Season closer: when November meant F1 in Adelaide


Two decades ago, the start of November usually meant one thing: the Australian Grand Prix, held around the tough, bumpy and exciting street circuit in Adelaide, South Australia.

Win or lose, McLaren tended to play a starring role in almost all of Adelaide’s 11 memorable grands prix.

Let’s take a look at some of the McLaren highlights – and lowlights – of that classic old-school track.

1986 Alain Prost’s second world title

“Colossally… That’s Mansell!” spluttered BBC TV’s Murray Walker, and as the luckless Brit’s left-rear tyre exploded, so did his title hopes, unexpectedly handing the world championship to McLaren’s Alain Prost.

1988 Prost takes final win of the turbo 1.0 era

It was the 15th win out of 16 races for the (almost) unstoppable MP4/4. With Ayrton Senna already crowned champion, Prost stroked it home to take the last win for a turbo-engined F1 car for 25 years.

1989 Senna’s ‘Jaws moment’ on Martin Brundle

The rear-facing camera on Martin Brundle’s car told the whole story. In the wet murk, Senna failed to see the Brabham and pranged into the back of it while flat-out along the back straight. A painful retirement.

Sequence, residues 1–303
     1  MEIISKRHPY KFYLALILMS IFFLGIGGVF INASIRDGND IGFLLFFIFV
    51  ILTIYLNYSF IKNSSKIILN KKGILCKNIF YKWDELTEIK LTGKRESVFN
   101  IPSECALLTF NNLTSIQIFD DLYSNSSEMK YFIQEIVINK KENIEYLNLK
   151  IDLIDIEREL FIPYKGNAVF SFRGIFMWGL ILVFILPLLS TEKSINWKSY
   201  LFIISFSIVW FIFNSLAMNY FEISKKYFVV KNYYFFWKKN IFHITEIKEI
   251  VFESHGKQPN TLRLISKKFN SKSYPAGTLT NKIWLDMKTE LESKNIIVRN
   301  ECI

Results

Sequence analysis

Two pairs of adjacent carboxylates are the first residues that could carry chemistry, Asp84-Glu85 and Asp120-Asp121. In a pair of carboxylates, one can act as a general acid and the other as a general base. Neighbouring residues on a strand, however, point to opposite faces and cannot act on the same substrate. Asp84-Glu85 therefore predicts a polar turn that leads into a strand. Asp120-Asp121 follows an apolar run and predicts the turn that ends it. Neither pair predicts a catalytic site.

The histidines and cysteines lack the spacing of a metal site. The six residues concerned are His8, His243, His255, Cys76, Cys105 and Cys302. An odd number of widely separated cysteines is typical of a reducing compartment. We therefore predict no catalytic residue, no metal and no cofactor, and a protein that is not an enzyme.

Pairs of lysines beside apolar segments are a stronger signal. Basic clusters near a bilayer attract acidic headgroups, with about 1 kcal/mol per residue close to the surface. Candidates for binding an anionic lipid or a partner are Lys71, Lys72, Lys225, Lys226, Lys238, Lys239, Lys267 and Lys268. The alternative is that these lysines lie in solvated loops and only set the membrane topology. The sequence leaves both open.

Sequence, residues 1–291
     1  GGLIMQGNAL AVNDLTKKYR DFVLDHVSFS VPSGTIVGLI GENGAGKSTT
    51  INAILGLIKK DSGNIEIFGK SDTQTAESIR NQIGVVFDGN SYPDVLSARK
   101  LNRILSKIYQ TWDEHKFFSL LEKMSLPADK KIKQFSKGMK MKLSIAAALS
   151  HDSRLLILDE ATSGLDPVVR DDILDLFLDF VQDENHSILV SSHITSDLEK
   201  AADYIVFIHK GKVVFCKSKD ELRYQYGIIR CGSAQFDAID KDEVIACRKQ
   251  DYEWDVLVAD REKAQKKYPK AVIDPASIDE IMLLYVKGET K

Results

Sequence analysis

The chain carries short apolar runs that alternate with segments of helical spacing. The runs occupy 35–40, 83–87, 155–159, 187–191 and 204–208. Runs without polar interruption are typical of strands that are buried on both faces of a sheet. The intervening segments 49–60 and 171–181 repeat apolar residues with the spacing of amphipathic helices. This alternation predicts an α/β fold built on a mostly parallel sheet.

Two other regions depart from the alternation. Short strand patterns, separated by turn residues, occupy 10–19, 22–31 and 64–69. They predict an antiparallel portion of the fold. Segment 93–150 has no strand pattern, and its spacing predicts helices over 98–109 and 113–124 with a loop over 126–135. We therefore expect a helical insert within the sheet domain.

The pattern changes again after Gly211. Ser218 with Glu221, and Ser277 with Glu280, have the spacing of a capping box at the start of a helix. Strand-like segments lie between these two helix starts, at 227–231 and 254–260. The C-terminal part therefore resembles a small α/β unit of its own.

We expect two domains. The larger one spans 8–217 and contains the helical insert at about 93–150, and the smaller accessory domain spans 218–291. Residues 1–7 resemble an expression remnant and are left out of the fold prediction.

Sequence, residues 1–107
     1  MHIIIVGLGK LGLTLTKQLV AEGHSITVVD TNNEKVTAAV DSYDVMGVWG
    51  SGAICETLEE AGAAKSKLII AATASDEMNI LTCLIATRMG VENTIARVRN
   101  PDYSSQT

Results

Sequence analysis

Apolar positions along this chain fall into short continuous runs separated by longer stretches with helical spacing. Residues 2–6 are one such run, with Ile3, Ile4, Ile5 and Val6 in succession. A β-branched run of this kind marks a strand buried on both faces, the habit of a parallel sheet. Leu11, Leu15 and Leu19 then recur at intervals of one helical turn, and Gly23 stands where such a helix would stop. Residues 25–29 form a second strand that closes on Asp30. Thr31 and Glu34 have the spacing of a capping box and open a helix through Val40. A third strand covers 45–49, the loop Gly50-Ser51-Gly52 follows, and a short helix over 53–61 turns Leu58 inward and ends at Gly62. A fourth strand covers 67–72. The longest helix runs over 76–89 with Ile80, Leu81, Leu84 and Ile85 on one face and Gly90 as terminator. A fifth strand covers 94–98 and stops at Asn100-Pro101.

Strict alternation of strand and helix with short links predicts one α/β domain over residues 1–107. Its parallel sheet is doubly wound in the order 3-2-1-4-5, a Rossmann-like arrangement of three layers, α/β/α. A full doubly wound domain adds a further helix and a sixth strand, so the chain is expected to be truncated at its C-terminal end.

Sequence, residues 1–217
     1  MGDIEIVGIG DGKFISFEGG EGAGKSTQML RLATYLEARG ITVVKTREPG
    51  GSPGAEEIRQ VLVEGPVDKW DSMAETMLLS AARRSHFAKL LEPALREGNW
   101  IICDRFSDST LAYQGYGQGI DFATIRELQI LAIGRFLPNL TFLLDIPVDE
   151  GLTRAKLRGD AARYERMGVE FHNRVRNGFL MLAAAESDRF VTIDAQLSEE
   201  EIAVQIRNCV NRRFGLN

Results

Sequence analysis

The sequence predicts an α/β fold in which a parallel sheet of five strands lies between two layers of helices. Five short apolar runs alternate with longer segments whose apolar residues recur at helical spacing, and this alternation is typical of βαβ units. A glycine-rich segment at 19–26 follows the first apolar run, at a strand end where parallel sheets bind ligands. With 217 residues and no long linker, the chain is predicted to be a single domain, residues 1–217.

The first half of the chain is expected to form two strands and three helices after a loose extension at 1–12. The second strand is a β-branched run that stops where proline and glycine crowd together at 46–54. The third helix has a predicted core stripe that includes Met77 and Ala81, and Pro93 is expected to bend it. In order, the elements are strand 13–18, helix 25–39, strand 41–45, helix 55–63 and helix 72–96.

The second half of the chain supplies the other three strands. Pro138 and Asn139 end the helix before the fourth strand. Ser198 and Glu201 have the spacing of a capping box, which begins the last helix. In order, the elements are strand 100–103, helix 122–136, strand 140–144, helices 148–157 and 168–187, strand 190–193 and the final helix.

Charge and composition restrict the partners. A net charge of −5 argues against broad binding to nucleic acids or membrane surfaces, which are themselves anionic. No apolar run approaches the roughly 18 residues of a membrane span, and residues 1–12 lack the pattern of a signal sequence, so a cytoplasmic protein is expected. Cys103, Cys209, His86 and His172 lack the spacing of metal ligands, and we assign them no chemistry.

1991 The shortest F1 race – EVER!

If 1989 had been wet, the race in 1991 was even wetter. In fact, the weather was so atrocious, and conditions so dangerous, that the whole thing was called off after just 24 minutes. Ayrton took the spoils.

1992 Senna & Mansell’s dainty pirouette

Under braking for the final corner, Ayrton misjudged his braking point and ploughed into the back of Nigel Mansell’s Williams. The impact tore a wheel off the McLaren and eliminated both cars on the spot.

1993 Senna’s final F1 victory

On the podium for their final race together, Ayrton put aside old differences with his rival Alain Prost, quietly wondering where he’d find his Mojo now that the Frenchman was retiring. It was to be the Brazilian’s final win in Formula 1.

1995 Mika’s life-changing accident

A left-rear puncture caused a huge accident, and only an emergency tracheotomy saved the Finn’s life. He would return an even stronger racer in 1996, and two commanding world titles would follow.